(The Christian Science Monitor) The first bureaucratic triumph upon our arrival in Jerusalem came at the Ministry of Interior, when a surly woman peeled off our newly minted residency visas and pressed them into our passports.
“We are prisoners of thanks,” my husband and I said, mustering an antiquated Hebrew phrase of gratitude. “Bye,” she replied, with all the feeling of a desert rock.
In August 1994, I was an introspective, brainy 16-year-old, fresh from a summer in Israel with a busload of other 16-year-olds. On my last morning in Jerusalem, I had watched the sun rise: cool breezes over ancient golden stones. I heard church bells ring and the Muslim call to prayer, whispering my own Hebrew dreams into fuzzy pink air. As a Jewish teen who went (reluctantly) to Israel for the Roman ruins but stayed for the prayers, when we chanted under desert stars I was suspended somewhere in between Reform Jewish teenagerhood and a future as a religious studies professor—plus my always evolving, complex relationship with Jewish adulthood.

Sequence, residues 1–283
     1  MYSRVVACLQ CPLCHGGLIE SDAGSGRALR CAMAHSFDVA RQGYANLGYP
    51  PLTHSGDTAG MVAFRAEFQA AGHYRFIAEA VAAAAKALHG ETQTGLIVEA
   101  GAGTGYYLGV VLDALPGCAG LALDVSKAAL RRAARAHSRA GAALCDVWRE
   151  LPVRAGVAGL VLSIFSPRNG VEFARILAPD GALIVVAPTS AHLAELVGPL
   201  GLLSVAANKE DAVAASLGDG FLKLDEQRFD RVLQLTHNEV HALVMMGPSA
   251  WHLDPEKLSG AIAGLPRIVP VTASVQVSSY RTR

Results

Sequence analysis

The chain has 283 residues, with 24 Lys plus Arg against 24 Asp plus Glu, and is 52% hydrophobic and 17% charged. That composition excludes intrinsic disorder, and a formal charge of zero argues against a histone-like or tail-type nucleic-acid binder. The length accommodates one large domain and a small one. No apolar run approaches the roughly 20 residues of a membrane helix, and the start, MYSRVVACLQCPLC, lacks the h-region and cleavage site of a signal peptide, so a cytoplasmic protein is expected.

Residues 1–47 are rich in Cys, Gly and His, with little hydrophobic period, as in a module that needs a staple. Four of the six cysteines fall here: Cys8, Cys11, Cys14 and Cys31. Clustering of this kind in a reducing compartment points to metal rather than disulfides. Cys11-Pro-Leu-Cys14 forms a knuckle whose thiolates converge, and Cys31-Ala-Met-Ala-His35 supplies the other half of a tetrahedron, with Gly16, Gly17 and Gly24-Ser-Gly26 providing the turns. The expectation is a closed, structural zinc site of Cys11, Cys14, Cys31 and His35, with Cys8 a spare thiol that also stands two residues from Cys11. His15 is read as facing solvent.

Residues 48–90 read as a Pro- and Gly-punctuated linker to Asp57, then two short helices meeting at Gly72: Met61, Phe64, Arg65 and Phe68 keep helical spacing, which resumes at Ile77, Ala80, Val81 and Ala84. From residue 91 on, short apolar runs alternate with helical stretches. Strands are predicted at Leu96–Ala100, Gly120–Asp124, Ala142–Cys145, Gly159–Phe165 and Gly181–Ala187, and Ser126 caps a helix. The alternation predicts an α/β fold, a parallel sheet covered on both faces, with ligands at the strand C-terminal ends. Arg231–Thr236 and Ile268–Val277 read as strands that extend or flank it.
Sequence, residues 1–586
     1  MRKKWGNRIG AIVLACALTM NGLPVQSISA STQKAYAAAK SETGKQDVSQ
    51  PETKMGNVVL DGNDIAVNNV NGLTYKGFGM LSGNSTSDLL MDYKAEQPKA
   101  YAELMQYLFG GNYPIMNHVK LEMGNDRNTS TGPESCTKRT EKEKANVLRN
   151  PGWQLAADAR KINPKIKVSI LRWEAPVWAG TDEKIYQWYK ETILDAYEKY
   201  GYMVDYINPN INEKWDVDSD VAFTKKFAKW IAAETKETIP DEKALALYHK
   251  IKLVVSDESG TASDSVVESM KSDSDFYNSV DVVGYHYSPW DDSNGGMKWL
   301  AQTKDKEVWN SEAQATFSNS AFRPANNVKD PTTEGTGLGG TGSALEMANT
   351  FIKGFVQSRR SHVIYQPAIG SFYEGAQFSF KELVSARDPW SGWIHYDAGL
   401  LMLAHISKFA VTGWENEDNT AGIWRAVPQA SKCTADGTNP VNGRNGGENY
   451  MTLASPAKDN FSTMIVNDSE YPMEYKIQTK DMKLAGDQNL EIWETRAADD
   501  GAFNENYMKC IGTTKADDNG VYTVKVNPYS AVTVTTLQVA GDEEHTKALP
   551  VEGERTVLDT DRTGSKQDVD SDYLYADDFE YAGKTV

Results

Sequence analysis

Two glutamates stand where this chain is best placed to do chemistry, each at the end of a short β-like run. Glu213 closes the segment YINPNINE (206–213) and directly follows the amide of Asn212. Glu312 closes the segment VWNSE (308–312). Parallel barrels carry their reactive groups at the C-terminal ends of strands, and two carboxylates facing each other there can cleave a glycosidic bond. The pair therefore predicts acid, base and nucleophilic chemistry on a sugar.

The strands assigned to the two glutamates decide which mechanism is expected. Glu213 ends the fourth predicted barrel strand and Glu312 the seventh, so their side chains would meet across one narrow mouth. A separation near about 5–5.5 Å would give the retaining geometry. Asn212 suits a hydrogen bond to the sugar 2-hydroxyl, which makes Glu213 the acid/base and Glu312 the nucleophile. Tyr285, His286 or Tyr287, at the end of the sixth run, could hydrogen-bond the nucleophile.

This was when I first encountered Rodger Kamenetz’s The Jew in the Lotus: A Poet’s Rediscovery of Jewish Identity in Buddhist India.
I frequently speak to church groups about pilgrimage to the Holy Land. I speak as a pilgrim, but the conversation often turns to politics. Inevitably someone will ask about our denomination’s position on the Israeli/Palestinian conflict. There’s no simple answer.